The Negation of Motion
Xenophanes, a poet and philosopher, was a precursor of the Eleatic school in ancient Greece. Xenophanes disproved the idea that gods are like human beings. Gods in Greek myths are thieves, deceivers, liars, and adulterers. As a matter of fact, gods should be free of these human vices and shortcomings. God is god is god is god. God is a far cry from human beings: God is one, but human beings are many; God is perfect and infinite, while human beings are defective and limited; God is immortal whereas human beings are doomed; God permeates the universe, but on the other hand, human beings only occupy a small amount of space around themselves; God does all at a time, but in contrast, human beings can engage in just one thing; God is all in the universe, and need not move at all, when human beings run about in haste. Thus Xenophanes concluded that God abides ever in the self-same place, not moving a bit, that there is only one god, unlike us human beings neither in form nor in thought, and that God sees, thinks, and hears all over. Anthropomorphism is what he intended to refute, I think. A step toward pantheism he took, whether he was aware of it or not.
Parmenides was the founder of the Eleatic school in the Axial Age. He attempted to be logically steady and consistent. His basic thesis was that what is is and what isn’t isn’t. From this simple magic-like proposition he deduced that you find no void, emergence and disappearance, and motion in the universe. He said there is no void; void is a space nothing is in. Since what isn’t isn, which means it cannot be the case that there is nothing, there’s no such thing as void. And he claimed there’s no emergence and disappearance; emergence occurs in nothingness. Since there’s no nothingness, there’s no emergence. Disappearance ends up in nothingness. As you find no nothingness anywhere, you can never see an object vanish.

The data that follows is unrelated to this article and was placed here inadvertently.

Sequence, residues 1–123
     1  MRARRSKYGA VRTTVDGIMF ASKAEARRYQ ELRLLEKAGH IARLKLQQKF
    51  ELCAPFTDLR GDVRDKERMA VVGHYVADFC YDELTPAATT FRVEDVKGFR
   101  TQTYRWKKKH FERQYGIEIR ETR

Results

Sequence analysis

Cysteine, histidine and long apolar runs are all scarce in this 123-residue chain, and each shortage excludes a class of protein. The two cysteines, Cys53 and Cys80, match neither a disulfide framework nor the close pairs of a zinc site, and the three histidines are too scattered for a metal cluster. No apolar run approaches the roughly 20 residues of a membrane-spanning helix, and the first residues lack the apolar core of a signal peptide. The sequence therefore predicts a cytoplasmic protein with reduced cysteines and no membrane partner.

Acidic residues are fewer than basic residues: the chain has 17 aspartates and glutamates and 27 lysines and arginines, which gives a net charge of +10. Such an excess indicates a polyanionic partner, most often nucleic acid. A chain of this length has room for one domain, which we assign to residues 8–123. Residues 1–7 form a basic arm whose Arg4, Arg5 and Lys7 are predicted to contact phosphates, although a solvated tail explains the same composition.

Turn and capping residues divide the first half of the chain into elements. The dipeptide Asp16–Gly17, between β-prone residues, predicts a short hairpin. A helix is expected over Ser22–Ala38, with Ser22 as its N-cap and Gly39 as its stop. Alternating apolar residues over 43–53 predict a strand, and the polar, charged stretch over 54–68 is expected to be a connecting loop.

He even asserted that there’s no motion; suppose you’re a mouse. You want to run down from attic to kitchen to have some cheese. You may think you can enter the kitchen if there’s no one or nothing there. As a matter of fact, since what isn’t isn’t, there cannot be nothing at all in the kitchen. And the fact that you can never find nothing anywhere suggests that there must be something or someone in every inch of the way to the kitchen. Which is why you cannot move a bit. All around you is jammed with something. You are still in the dark attic, the cheese in the kitchen, not able to take a single step, having no idea how to go for that fancy dinner, starving. Parmenides’ mice, not Buridan’s ass, you know.
What Parmenides intended to show can be described as the Law of Thought: What is is meant that a thing is always the self-same thing, never turning into anything other than itself. Rose is a rose is a rose is a rose. It never changes into a whale nor a hunger or a maggot: The law of identity. By what is is and what isn’t isn’t he meant that if there’s a thing, it is existent and it cannot be the case that it isn’t existent; a thing cannot be both X and not X at the same time. If Socrates is handsome, he cannot be ugly. He cannot be both handsome and not handsome at a time: The law of contradiction. After all, Parmenides’s way of speaking is more mythical and poetical than logical and scientific, but isn’t that all about metaphysics? In any case, it seems to me that Parmenides was the very first step toward logic. He tried to express, in his own way, complicated and mystical as it might be, what we now call the Law of Identity, the Law of Contradiction, and the Law of Excluded Middle.
Zeno of Elea was one of the disciples of Parmenides. He seems to have agreed with Parmenides that there is no motion in the universe, and tried hard to prove that. Zeno claimed that a moving object is not where it is or where it isn’t. Since it’s moving, it cannot be where it is but should be where it isn’t. Sadly, it cannot be the case that it is not where it is. It’s always where it is. Which means that it always occupies a space equal to itself. Then can it be possible that an object is moving when, at any given moment, it always occupies a space equal to itself? It can’t: The arrow in flight is at rest.